DLD08: My Guardian column

Here‘s my Guardian column about the DLD08 conference and the social theme I heard through it. The lede:

We natter on these days about how people are becoming social online. But we have always been social; the internet merely provides more ways for us to connect with each other. What’s truly new is the opportunity for companies, especially media companies, to be social. I spent much of last week in the company of a social corporation: Burda, the German media giant (where I have consulted). In Munich, New York, and Davos, its chairman, Hubert Burda, throws parties where he delights in bringing together the most interesting, creative crowds. I’ve seen his company benefit from bringing in new experience, talent, ideas, and relationships.

Last week was Burda’s biggest party, the Digital Life Design conference in Munich, with 1,000 media people trying to figure out their future. And the theme I heard strung through much of their discussion was about how to rethink media in social terms.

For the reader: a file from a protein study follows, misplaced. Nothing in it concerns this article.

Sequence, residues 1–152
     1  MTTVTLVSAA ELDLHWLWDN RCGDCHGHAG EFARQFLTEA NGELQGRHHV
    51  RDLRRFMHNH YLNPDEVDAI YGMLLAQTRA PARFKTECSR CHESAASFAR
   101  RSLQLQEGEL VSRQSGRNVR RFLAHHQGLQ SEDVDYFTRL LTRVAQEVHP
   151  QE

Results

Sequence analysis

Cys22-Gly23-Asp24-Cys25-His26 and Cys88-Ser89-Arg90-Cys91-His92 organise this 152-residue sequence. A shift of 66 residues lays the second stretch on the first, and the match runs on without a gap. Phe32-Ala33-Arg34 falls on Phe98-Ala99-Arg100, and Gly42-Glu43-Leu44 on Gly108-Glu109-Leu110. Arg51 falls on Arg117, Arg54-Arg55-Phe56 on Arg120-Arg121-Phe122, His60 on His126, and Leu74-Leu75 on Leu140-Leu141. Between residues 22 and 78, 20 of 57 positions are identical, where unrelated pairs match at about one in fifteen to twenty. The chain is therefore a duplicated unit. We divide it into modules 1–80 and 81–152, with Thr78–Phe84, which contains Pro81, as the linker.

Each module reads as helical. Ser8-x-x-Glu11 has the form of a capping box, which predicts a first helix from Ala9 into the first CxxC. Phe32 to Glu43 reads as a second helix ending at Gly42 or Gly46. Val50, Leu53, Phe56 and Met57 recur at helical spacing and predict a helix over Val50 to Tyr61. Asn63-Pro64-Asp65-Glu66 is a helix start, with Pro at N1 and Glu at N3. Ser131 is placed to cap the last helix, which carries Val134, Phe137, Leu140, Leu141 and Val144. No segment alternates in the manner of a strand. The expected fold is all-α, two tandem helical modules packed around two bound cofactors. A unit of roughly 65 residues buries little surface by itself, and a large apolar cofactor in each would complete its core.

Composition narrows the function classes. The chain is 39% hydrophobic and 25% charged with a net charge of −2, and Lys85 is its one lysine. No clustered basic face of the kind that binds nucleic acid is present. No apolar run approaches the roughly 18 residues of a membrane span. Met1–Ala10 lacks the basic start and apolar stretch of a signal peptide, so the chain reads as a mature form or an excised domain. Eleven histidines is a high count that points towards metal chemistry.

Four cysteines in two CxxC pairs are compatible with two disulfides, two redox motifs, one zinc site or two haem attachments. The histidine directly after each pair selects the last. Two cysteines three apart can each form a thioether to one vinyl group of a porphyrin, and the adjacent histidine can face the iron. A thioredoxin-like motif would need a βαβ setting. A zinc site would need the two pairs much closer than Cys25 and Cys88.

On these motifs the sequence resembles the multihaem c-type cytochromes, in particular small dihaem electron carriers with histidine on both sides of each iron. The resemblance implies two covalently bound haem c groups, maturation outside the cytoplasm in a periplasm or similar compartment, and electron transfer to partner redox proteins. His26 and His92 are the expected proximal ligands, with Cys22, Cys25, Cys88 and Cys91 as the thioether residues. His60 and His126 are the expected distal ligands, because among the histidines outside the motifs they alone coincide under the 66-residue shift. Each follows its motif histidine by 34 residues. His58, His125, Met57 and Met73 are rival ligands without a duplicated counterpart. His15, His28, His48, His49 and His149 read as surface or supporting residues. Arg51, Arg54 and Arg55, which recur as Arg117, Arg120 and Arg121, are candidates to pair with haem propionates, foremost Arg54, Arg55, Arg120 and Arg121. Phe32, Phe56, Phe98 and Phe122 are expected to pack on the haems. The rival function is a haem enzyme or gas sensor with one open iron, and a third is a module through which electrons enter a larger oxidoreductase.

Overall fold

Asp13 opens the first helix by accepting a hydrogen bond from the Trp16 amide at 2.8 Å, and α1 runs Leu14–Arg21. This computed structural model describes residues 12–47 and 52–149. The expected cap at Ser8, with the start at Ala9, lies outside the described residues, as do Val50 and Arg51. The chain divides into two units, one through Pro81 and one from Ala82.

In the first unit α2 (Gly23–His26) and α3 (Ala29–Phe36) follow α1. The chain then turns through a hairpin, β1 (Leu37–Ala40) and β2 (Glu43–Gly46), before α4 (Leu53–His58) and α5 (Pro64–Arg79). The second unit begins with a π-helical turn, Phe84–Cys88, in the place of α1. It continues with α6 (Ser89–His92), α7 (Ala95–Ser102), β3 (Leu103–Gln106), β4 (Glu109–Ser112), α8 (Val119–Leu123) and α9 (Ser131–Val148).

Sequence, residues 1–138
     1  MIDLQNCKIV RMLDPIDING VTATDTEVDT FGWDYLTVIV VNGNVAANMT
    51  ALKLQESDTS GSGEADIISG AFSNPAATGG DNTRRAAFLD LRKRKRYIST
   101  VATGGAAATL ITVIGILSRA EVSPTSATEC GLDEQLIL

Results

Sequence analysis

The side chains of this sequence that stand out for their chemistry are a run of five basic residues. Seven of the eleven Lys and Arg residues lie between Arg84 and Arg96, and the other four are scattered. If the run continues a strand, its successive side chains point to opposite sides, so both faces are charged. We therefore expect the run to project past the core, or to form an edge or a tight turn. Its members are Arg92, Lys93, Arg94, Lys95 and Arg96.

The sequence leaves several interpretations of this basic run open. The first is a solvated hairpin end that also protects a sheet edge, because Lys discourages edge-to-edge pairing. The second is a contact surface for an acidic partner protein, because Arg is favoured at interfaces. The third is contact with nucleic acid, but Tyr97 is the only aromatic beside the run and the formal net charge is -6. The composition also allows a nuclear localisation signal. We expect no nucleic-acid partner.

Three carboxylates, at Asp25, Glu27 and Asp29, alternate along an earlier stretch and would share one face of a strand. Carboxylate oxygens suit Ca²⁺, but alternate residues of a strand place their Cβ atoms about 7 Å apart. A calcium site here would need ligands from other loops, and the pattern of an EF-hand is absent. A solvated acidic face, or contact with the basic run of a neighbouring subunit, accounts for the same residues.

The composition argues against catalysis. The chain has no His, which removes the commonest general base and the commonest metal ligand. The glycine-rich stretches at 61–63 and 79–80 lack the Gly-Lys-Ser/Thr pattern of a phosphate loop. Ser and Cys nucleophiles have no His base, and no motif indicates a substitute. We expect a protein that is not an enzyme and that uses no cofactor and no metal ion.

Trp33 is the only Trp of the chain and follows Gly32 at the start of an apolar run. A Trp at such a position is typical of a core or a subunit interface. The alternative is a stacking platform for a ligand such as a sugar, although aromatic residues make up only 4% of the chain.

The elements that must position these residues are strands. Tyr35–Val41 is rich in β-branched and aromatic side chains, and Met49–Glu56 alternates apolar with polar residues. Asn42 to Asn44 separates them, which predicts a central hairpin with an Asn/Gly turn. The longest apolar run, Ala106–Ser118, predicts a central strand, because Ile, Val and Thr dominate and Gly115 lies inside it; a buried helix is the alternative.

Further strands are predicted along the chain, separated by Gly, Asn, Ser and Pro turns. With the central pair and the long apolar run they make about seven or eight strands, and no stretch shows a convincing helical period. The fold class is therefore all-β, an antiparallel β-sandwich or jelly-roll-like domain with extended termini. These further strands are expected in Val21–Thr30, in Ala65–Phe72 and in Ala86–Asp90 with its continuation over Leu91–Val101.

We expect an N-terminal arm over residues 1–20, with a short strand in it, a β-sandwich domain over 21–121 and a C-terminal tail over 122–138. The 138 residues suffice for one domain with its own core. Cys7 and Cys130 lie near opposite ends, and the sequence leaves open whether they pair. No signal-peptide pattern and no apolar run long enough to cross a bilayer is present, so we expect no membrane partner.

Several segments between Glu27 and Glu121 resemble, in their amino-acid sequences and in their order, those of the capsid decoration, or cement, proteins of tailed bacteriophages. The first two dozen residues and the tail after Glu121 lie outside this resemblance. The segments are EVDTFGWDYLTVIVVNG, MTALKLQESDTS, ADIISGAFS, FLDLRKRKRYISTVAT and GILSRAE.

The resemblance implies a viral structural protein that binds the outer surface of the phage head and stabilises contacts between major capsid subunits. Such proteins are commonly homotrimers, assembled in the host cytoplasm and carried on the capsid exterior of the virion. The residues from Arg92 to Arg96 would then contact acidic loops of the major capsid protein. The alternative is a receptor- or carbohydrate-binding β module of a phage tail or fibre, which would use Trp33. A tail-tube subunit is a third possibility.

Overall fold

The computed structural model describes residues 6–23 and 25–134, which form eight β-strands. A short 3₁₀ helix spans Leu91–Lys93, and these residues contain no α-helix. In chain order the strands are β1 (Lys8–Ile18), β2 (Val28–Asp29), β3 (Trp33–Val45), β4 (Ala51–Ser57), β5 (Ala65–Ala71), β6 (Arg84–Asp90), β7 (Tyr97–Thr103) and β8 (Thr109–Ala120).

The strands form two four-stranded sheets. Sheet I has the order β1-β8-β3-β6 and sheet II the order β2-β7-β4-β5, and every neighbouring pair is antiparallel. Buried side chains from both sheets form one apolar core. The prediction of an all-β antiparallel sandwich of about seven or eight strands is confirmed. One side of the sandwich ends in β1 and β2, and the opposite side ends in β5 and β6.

And here‘s David Kirkpatrick’s column in Fortune on the same event.

  • Interesting.

    Blogs are not only a forum for media and PRs to be social. For instance they are also a vehicle for direct action. Most recently Guido Fawkes – http://www.order-order.com, has claimed his first scalp of a British member of government by releasing details on Peter Hain’s illegal political funding! He also beat Sky News (Fox) to the punch on releasing details of his resignation too.

    See – http://www.montagecomms.com/blogger/kevin_coughlan/blog.html for further information.


  • I read your comments on Mahalo and the suggestion by Jason Calacanis that in the future the ‘fat tail’ of search only will be handled by humans; and that the ‘long tail’ will be served automatically (by Google). I was interested in the related issue of user generated content (UGC) last year at the ALT Conference in Nottingham, where Peter Norvig, Google’s Director of Research was a keynote speaker.

    At the end of his talk I asked him if he thought UGC could help to refine Google’s search algorithms; and got a very full reply, which suggested to me that Google was far from rejecting the notion of human intervention in its evolving search technology. The transcript of what he said is worth reading and can be found in my blog posting (9 Sept) at http://tinyurl.com/2lhdy5